I adore my kids and as much as I’d like to tell you that they are always wonderfully kind and unselfish, that would be LYING. They’re kids. They fight. They get grumpy. Sometimes they’re rude.
Basically, they take after their mama. And mama ain’t perfect.
But I’ve learned a few tricks over the years that have had a HUGE impact on how we handle conflict. Here are my top 3:
Solution #1: The Expensive Lawyer
When: Like adults, sometimes kids just want someone else to solve their problem, but it’s my job as their mom to help them learn to solve their own problems.
How: When they approach me with a conflict that I can tell is within their power to resolve, I often say, “Is this a problem you can solve or do you need to hire a lawyer to solve it? I charge $1 per person, per case.”
The Win: I haven’t been hired yet.
Solution #2: Hug It Out
When: I use the Hug-It-Out solution when the kids are just being nit picky (I don’t know where they get it) or rude to one another.
How: They have to sit on the couch and hug and talk until they can convince me they’ve resolved it. I usually then follow it up with a reminder that any more unkindness will result in another Hug-It-Out session.
This doesn’t work with all my kids (i.e. the ones who love to hug), but for certain relationships, it’s a great solution.
Solution #3: The Problem Solving Page (My new FAVORITE)
When: Some issues are just more complex. Some kids are more complex. This approach is perfect for challenging or emotionally charged situations. I got the idea from the FANTASTIC book “How to Talk So Kids Will Listen & Listen So Kids Will Talk.”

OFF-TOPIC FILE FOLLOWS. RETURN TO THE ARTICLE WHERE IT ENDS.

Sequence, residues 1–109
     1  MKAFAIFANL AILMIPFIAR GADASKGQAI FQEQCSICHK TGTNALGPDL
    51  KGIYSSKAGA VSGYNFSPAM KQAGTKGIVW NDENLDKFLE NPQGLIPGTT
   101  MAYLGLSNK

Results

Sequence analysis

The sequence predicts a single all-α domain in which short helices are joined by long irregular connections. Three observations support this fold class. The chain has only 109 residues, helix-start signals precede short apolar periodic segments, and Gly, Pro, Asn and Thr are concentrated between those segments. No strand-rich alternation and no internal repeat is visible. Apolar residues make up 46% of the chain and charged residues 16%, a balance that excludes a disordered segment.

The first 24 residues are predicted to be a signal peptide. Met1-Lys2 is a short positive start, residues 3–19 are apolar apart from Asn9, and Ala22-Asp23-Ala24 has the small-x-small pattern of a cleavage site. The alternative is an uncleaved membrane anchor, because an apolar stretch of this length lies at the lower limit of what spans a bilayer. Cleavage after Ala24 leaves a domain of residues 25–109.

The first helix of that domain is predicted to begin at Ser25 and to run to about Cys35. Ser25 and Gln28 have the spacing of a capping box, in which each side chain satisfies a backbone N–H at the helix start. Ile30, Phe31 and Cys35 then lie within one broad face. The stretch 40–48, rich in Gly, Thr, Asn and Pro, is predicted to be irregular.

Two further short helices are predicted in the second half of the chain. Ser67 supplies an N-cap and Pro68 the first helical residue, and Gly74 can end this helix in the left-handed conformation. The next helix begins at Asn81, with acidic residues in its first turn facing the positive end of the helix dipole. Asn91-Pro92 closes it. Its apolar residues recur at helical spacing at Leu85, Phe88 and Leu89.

How: All you do is grab a piece of paper and say, “Ok. We seem to have a problem here. Let’s write it down and then list our ideas for how to solve it.”
Then you write down the problem at the top of the paper and start brainstorming solutions. My kids inevitably offer solutions I would NEVER agree to, but the key concept here is to write down EVERY idea without dissing it. (I’ve written down ideas from my kids that involve rocketships, anarchy and candy.)
Once all ideas have been written down, then you talk through the pros and cons of each until you land on a solution.
There is SO. MUCH. POWER. in just listening to our children. Just knowing they have been heard and not immediately dismissed can calm them down and help them to think logically and non-defensively.
It also calms me down because I always tell them during this process that we “fight the problem, not the person.” So, whether I’m helping them work out a sibling problem or I’m working through an issue with one child, we try hard to focus our words on saying things that “fight the problem and not the person.” Somehow that concept diffuses our emotions and helps us solve the issue instead of blaming or being defensive.
I’ve used this method with everything from two kids arguing about how much room the other is taking up on the couch, to more complex conversations about respect and attitudes.
How Do You Do It?
Do your kids argue – with you or with each other? If not, then will you please start a blog and teach us your ways? If they do, what methods do you use to calm things down and bring back the peace in your home? Click here to join the discussion!Leave a Comment